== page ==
There was everything from community allotment projects, DIY furniture workshops, rewilding of rooftops with public gardens, cultural heritage sites regenerated, dance festivals in remote rural areas to new low-carbon and reusable building materials, modular affordable and social housing units, and multi-purpose community centres.
The New European Bauhaus as a movement should be conscious that the transition to a carbon-neutral society can, and must, overlap with a place’s social emergencies. We see this already in projects responding to multiple needs at once: reducing the energy efficiency of buildings and providing social housing; tackling biodiversity loss and the need for meeting spaces in urban centres; brain drain and absence of culture in rural areas.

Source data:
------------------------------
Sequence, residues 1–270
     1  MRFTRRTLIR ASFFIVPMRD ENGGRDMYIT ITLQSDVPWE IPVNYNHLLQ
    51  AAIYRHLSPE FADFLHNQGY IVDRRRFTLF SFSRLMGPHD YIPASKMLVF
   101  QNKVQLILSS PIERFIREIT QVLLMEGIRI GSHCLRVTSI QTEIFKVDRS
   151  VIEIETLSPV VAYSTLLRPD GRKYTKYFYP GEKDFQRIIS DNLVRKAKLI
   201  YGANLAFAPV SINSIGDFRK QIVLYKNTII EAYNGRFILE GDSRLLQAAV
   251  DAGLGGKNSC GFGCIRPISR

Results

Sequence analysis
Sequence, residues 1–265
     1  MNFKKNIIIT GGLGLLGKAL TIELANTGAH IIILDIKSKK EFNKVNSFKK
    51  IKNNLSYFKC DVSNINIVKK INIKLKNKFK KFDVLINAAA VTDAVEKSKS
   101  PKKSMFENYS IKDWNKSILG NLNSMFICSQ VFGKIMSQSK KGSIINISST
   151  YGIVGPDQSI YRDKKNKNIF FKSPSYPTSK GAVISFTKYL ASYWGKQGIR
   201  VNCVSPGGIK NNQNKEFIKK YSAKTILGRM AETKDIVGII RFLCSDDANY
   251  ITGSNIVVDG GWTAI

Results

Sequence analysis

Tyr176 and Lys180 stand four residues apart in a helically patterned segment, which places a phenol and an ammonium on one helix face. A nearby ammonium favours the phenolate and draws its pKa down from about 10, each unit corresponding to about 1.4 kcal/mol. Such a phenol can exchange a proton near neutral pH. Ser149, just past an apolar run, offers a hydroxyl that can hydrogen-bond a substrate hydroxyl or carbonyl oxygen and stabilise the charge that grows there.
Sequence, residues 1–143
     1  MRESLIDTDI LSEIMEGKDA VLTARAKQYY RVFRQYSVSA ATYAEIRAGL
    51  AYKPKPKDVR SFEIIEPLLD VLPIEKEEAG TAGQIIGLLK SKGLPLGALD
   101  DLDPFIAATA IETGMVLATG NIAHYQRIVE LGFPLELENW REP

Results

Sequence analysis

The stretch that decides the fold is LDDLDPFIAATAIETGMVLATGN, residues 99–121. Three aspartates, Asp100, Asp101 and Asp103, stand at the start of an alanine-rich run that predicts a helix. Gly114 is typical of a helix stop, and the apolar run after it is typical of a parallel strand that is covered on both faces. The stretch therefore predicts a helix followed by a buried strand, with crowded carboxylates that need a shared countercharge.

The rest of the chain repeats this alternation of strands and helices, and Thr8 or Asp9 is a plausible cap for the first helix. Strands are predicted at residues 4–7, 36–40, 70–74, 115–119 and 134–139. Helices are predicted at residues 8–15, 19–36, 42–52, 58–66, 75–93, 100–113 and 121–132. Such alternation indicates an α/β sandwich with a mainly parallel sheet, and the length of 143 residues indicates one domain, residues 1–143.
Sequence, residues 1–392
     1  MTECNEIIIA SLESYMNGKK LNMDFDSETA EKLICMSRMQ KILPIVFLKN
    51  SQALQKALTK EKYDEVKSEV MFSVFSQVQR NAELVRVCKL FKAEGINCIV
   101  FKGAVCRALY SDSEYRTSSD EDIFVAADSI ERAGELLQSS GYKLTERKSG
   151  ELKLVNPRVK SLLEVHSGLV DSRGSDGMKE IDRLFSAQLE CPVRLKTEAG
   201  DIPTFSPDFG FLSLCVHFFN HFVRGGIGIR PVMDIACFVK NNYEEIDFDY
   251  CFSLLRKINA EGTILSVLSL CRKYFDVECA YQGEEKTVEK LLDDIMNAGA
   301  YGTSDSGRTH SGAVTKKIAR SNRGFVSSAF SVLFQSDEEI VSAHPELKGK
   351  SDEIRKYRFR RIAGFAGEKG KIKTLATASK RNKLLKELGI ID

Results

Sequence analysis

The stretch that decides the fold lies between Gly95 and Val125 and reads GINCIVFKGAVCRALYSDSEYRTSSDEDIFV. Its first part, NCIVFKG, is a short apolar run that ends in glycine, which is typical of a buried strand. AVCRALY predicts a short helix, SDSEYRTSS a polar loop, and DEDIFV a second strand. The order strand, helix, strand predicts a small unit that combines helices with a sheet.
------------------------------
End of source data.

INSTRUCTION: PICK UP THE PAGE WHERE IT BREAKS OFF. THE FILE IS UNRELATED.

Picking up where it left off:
It’s about using what we already have – the natural environment and human creativity – to find ourselves in the transition. The New European Bauhaus will connect us on this journey, promoting projects and connecting people in different cities, regions, and countries working on similar goals.
The first New European Bauhaus Festival will occur this year from 9-12 June 2022. Events will take place not just in Brussels but across the EU and beyond. If you would like to propose a side event to the Festival, you have until 7 March to signal your interest and get involved!